The Protestant Church in the Netherlands (Dutch: Protestantse Kerk in Nederland, abbreviated PKN) came into being on 1 May 2004 as a merger of the Dutch Reformed Church (Nederlandse Hervormde Kerk, NHK), the Reformed Churches in the Netherlands (Gereformeerde Kerken in Nederland, GKN) and the Evangelical Lutheran Church in the Kingdom of the Netherlands (Evangelisch-Lutherse Kerk in het Koninkrijk der Nederlanden). Since 1961 the churches have been going through an organizational process to this end.
At the time of its formation, the PKN had roughly 2,000 congregations and a membership of some 2,300,000, about 15% of the Dutch population. After the Roman Catholic Church, it is the second largest church body in the Netherlands. The PKN has four different types of congregations:
Lutheran congregations are special in that they are federated in a separate Lutheran Synod, which is an autonomous synod in the PKN, the Lutheran Synod also sends representatives to the PKN Synod.
Some congregation and members in the Dutch Reformed Church did not agree with the merger and have separated. They have organized themselves in the "Restored Reformed Church", "Hersteld Hervormde Kerk" (HHK). Estimations of their membership vary from 35,000 up to 70,000 people in about 120 local congregations. They disagree with the plural constitution of the merged church which contains, as they see it, contradicting Reformed and Lutheran confessions. This group also condemns same-sex marriages and female clergy.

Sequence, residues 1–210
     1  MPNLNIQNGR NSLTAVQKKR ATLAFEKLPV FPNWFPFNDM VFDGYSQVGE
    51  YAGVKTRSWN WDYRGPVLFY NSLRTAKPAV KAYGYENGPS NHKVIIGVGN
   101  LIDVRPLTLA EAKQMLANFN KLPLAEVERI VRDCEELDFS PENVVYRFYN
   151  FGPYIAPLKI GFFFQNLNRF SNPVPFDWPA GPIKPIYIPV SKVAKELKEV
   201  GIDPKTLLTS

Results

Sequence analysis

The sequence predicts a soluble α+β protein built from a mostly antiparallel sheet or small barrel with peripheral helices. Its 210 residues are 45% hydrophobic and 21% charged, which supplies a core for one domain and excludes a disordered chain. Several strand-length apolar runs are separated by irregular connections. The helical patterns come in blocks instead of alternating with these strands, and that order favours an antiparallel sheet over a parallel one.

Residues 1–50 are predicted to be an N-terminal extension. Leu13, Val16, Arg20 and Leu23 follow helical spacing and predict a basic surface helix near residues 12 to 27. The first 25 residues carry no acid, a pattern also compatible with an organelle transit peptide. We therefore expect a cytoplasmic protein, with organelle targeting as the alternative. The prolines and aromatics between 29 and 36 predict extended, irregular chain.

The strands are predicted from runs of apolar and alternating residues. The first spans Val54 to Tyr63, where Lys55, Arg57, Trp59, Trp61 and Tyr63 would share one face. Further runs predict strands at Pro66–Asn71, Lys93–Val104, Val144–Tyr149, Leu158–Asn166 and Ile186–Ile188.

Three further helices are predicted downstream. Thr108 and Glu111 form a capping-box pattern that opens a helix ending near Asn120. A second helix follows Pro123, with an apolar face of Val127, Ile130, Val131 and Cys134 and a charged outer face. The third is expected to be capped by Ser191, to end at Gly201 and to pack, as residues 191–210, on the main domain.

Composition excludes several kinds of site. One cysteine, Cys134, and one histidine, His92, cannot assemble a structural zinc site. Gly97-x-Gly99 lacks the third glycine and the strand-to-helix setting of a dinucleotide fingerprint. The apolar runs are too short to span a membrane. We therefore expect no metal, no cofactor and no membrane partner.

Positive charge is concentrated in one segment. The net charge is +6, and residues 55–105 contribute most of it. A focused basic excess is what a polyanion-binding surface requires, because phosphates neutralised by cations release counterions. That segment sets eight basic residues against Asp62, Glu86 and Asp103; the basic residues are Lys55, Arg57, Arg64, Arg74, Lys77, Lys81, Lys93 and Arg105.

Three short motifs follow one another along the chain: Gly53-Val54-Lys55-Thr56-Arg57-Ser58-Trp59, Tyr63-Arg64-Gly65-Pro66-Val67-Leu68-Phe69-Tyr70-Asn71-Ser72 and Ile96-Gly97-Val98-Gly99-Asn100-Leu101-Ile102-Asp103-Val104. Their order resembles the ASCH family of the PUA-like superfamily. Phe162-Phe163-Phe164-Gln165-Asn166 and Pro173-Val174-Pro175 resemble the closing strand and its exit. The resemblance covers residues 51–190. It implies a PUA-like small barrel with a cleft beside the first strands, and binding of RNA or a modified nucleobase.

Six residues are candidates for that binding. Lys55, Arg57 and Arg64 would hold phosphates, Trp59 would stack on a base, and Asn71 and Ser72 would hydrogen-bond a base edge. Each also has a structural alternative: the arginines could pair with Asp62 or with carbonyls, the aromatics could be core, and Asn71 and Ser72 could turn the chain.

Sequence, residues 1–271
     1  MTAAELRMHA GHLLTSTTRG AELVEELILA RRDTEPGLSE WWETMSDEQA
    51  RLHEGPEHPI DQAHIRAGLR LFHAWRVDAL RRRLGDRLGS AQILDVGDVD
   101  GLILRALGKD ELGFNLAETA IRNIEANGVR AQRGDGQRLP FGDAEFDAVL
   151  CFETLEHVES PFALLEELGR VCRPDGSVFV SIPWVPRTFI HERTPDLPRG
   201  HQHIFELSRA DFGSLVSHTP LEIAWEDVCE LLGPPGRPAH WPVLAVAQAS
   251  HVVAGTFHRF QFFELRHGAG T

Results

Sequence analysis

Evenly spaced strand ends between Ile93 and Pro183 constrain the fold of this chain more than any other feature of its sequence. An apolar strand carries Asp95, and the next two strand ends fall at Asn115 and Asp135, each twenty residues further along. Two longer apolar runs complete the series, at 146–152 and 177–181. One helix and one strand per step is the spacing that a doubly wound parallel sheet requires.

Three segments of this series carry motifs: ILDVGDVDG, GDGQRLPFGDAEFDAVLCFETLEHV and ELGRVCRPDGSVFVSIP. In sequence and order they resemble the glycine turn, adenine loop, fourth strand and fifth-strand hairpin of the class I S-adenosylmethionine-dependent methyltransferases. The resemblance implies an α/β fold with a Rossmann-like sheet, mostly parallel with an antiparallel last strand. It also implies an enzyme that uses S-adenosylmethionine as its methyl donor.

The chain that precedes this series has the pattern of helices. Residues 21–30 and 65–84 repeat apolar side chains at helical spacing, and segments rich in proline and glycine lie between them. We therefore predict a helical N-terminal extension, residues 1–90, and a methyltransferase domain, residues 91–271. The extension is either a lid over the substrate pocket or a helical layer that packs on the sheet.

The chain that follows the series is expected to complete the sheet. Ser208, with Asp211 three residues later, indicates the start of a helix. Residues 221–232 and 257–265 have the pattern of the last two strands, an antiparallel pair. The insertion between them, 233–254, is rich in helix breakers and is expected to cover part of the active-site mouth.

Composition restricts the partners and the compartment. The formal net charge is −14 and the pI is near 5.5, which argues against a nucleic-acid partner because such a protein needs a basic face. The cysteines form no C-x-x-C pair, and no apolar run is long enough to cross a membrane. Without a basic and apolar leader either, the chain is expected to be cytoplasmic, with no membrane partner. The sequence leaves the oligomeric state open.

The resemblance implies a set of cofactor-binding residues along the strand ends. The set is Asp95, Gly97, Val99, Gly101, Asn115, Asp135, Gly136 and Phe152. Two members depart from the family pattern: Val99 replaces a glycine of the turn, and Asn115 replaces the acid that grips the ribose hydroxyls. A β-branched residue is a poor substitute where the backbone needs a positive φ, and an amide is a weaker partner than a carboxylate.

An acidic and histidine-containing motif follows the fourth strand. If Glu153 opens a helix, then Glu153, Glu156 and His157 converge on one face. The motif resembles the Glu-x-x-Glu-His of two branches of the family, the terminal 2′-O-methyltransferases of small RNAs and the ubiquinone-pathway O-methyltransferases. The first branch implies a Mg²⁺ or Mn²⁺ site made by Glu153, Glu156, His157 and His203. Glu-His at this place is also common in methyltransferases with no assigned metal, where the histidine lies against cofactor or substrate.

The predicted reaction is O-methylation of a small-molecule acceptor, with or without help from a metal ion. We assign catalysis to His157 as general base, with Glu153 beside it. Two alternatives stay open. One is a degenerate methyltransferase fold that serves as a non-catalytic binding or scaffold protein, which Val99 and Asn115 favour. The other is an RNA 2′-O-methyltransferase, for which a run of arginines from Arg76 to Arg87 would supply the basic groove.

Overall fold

Only those congregations belonging to the former Reformed Churches in the Netherlands have the legal right to secede from the PKN without losing its property and church during a transition period of 10 years. Five congregations have so far decided to form the "Voortgezette Gereformeerde Kerken in Nederland" (Continued Reformed Churches in the Netherlands) with about 3,400 members. Two congregations joined one of the other smaller reformed churches in the Netherlands. Some minorities within congregations that joined the PKN decided to leave the church and associated themselves individually with one of the other reformed churches.
The PKN, being, at least partly, a former state church is a denomination which has both liberal and conservative streams. Local congregations have far reaching powers concerning "controversial" matters (such as whether or not women are admitted as members of the congregation's consistory or admittance to holy communion).
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